I'll let someone else suggest good references for learning these techniques and just say experience helps. The hundredth one is a lot quicker to figure out than the first one!

  • $\begingroup$ I spend some time thinking how you got the f_F, f_G and f_H and I think now I got it, thanks! $\endgroup$ – Cybuster Feb 5 '14 at 6:18
  • $\begingroup$ I'd omitted the words or "type F" in explaining how to figure out $f_{\{F\}}(n)$. The intermediate calculations were right, but the explanation missed mentioning a term. Fixed now. $\endgroup$ – Steve Kass Feb 5 '14 at 6:30
  • $\begingroup$ Very nice solution $\endgroup$ – qwr Feb 5 '14 at 21:02
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    $\begingroup$ I think that the reasoning for type G and type H are swapped: type G is extending on the lower side, so it would be extended by A, C, G with the lower left removed. $\endgroup$ – thesamet Jul 9 '18 at 6:59
  • 1
    $\begingroup$ Thanks, @thesamet. I think I fixed the error. $\endgroup$ – Steve Kass Jul 9 '18 at 18:26

I am not sure I can intuitively explain this recursive formula by itself (and don't think there is an easy explanation without going into numerous cases), but I wanted to give you a general approach that allows to derive such recursive expressions for any tiling problem $m\times n$.

First, I wanted to consider a slightly different problem: how many "connected" tilings on $m\times n$. By "connected" I mean the ones so that every two consecutive columns are connected by at least one tile. Let's call us this function $g(n)$.

We want to consider $g(n)$ mainly for two reasons:

  1. It should be much easier to derive, partly due to the fact that initial tiles will determine the rest of the tiling, and partly due to the second point.

  2. It is going to be periodic, i.e. there is some non-periodic part $g(1),\dots,g(N)$, and then there is a periodic "tail": for $k\ge 1$: $g(N+k)=g(N+k+T)$ for some fixed $T$.

The second property allows us to derive $f$ easily from $g$. Indeed, for every tiling let $k\ge 1$ be the maximum number so that the first $k$ columns are connected. Then, for every $k$ every possible tiling can be constructed as a connected tiling on the first $k$ columns, and then any tiling on the rest. In other words, for every $m,n$: $$f(n)=g(1)f(n-1)+g(2)f(n-2)+\dots+g(n)f(0) \tag{1}$$ where $f(0)=1$.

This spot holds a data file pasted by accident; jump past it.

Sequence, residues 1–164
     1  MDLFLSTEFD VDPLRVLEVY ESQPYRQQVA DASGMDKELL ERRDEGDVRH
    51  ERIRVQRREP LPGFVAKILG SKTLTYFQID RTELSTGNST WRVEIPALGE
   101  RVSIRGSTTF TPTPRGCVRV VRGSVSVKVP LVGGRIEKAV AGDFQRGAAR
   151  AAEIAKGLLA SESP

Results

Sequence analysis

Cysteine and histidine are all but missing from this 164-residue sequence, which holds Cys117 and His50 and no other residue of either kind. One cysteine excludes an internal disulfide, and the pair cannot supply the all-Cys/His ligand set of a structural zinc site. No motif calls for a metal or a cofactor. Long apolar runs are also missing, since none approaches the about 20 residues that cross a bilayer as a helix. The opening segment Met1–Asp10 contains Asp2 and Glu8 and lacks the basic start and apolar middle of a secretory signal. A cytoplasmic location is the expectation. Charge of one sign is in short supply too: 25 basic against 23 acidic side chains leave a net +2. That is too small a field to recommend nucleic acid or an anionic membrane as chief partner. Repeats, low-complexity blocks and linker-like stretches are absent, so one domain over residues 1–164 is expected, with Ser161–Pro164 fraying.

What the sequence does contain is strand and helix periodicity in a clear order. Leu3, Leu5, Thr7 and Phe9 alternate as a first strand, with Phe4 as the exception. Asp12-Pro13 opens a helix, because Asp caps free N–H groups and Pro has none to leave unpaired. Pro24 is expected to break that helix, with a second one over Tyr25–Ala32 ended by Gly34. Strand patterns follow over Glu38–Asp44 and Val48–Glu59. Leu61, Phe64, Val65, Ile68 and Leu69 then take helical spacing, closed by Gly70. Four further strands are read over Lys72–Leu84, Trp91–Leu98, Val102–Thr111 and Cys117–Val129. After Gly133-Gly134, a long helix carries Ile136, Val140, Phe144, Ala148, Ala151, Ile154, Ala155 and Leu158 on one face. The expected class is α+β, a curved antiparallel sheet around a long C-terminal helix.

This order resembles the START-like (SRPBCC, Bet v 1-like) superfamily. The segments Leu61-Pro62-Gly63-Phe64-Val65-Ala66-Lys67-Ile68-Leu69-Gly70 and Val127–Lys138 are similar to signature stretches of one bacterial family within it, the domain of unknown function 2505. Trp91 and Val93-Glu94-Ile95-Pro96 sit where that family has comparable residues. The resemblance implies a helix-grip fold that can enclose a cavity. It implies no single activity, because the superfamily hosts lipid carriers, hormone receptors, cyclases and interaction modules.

Now, if $g$ has a non-zero periodic tail, then the expression (1) will grow with $n$, but we can consider (1) for two values $n$ and $n-T$, and by subtracting one from the other we will obtain an expression with fixed finite number of terms. We can even write down this expression explicitly, where $g()$ has $N$ non-periodic terms and period $T$: $$f(n)=g(1)f(n-1)+\dots+g(T-1)f(n-T+1)+[g(T)+1]f(n-T)+[g(T+1)-g(1)]f(n-T-1)+\dots+[g(T+N)-g(N)]f(n-T-N) \tag{2}$$.

Let's look at how it works for different smaller values of $m$.

Tiles on $1\times n$: $m=1$. The number of connected tilings on $1\times n$ ($g(n)$) equals: $0,1,0,0,0,\dots$. Here $N=2$, $T=1$, but the tail is all zeros, so we do not need (2) to eliminate the tail. (1) gives us: $f(n)=f(n-2)$ with two initial terms $f(0)=1,f(1)=0$.

Tiles on $2\times n$: $m=2$. $g(n\ge 1)$ equals: $1,1,0,0,0,\dots$. Indeed, there are no connected tilings on $2\times n$ for $n\ge 3$. Once again, $N=2$ and $T=1$ with zero tail. (1) gives us $f(n)=f(n-1)+f(n-2)$ with initial terms $f(0)=1,f(1)=1$. This is just Fibonacci numbers. BTW, if we used (2), we would obtain another recursive sequence for Fibonacci numbers: $f(n)=2f(n-1)-f(n-3)$ with initial terms $f(0)=1,f(1)=1,f(2)=2$.

Tiles on $3\times n$: $m=3$. Here where it gets interesting, because it is the first time we will have a non-zero $g$-tail. $g(n)=0$ for odd $n$. $g(2)=3$: ⨅ ⨆ and ≡. $g(4)=g(6)=\dots=2$ (assume first that horizontal tile connecting the first two columns is top or bottom and construct the rest of connected tiling in unique way). So, $g(n)$ is $0,3,0,2,0,2,\dots$. Now, $N=2$ and $T=2$ and we have to use (2): $f(n)=4f(n-2)-f(n-4)$.

Finally, tiles on $4\times n$: $m=4$. First, we need to show that $g(n)$ for $n\ge 1$ equals $1,4,2,3,2,3,\dots$. The first two values (non-periodic part) is given (among 5 tilings of $4\times 2$ only one is disconnected). For $n>2$ consider three possible combinations of horizontal/vertical tiles covering the first column:

|    --   --
|    |    --
--   |    |
--   --   |

and show that each leads to a unique connected covering, and only two of them work for odd $n$. In this case (2) gives us: $f(n)=f(n-1)+5f(n-2)+f(n-3)-f(n-4)$.


The answer is here: A127864 or A077917.

The actual formula is: $f(n) = f(n-1) + 4 f(n-2) + 2 f(n-3)$. The sequence is: $1, 5, 11, 33, \dots$.

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    $\begingroup$ It's actually this one: oeis.org/A005178 (note the 4th term is 36) $\endgroup$ – apnorton Oct 22 '16 at 0:31
  • $\begingroup$ the 4th term cannot be 36. Here I draw all the 33 variants for F(4). Look. "uploads.ru/AORLC.jpg". If I missed something, please, let me know. $\endgroup$ – Roman Zinchenko Dec 4 '16 at 12:16
  • $\begingroup$ @apnorton Here is a clickable link: link $\endgroup$ – Roman Zinchenko Dec 5 '16 at 7:39